Cultivating sugar beet and rice hinders wetlands restoration programs

March 11, 2018 - 10:17

TEHRAN – Cultivating water intensive products including sugar beet and rice has been banned in some regions as they were not in line with plans for reviving wetlands, an official with wetland ecosystems division at Department of Environment has said.

When the water is not consumed, it will find its way to rivers, lakes or groundwater resources said Masoud Baqerzadeh.

“We need all these three sources,” Baqerzadeh remarked.

Since farming rice is believed to consume three times the amount of water needed to grow other crops, its cultivation has been banned in Khuzestan Province, he added.

The Southwestern Province of Khuzestan is facing with the great challenge of sand and dust storms which is partly caused by the dryness of wetlands in the region. 

Additionally, cultivation of sugar beet in cities located in the basin of Lake Urmia has been prohibited, the official added.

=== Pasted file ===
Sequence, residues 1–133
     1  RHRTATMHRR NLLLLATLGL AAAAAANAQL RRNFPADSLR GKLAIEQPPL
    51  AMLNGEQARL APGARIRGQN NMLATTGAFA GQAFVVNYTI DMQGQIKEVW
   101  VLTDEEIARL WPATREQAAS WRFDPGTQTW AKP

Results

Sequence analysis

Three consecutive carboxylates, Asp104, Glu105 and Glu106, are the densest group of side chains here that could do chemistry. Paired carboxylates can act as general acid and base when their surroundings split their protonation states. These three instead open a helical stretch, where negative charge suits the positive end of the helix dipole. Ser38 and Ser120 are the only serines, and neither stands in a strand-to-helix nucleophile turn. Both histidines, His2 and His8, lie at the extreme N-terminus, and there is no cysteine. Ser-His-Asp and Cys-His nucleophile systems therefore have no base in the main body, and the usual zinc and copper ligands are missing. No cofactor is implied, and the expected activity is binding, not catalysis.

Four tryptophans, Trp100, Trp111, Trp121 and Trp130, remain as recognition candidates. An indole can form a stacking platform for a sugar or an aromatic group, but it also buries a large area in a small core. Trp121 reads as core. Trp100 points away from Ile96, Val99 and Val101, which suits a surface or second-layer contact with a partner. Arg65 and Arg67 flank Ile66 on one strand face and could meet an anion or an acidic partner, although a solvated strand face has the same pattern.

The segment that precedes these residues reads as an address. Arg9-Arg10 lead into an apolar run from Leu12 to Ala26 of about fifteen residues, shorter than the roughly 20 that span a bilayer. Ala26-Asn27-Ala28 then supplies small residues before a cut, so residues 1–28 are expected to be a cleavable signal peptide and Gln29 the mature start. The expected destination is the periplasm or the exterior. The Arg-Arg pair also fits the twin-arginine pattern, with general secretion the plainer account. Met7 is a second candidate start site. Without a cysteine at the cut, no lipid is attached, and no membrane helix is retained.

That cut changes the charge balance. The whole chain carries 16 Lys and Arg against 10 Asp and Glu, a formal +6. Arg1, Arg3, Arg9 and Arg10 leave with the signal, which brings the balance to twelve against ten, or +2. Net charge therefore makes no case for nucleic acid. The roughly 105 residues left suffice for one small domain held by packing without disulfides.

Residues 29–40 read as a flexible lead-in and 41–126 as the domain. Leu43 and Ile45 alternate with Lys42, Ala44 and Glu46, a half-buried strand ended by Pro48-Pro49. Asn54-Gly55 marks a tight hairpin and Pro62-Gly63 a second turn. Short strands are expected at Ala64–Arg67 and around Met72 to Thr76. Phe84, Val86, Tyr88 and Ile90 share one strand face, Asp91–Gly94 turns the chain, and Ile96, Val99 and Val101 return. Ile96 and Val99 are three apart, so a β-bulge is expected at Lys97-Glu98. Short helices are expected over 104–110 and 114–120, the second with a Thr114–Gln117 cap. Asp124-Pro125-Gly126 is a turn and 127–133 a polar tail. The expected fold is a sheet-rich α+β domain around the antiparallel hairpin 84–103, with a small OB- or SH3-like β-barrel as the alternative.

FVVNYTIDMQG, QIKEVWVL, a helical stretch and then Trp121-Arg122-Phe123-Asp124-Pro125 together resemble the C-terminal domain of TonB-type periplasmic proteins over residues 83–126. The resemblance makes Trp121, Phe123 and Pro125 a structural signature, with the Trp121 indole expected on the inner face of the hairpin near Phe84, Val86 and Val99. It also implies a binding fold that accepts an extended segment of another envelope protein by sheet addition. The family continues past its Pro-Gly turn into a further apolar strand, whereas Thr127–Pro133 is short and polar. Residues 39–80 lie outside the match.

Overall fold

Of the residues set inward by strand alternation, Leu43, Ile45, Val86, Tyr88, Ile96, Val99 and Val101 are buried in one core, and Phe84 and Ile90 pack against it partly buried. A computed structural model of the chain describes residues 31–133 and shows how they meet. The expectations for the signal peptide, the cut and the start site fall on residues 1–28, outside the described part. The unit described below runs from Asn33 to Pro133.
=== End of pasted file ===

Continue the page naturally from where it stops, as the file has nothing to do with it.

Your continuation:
Lake Urmia, in north-western Iran, was once twice as large as Luxembourg and the largest salt-water lake in the Middle East. In 1997 the volume of water at the lake measured at 30 billion cubic meters which dramatically decreased to half a billion cubic meters in 2013 and again rose to 2.5 billion cubic meters in 2017. While the lake had a surface area of 5,000 square kilometers in 1997, the surface shrunk to one tenth of that to 500 square kilometers in 2013.

If farmers continued the cultivation of sugar beet in the region, the plans for reviving Lake Urmia could hardly proceed, he warned.

Baqerzadeh went on to say that the Department of Environment have used a system of reward and punishment to inform farmers about the inefficiency and unsustainability of cultivating such products.

Climate change, unsustainable agriculture, old irrigation systems, construction of numerous dams, digging wells, coupled with mismanagement and shortsighted policies have resulted in drainage of many wetlands and depletion of ground water resources nationwide. 


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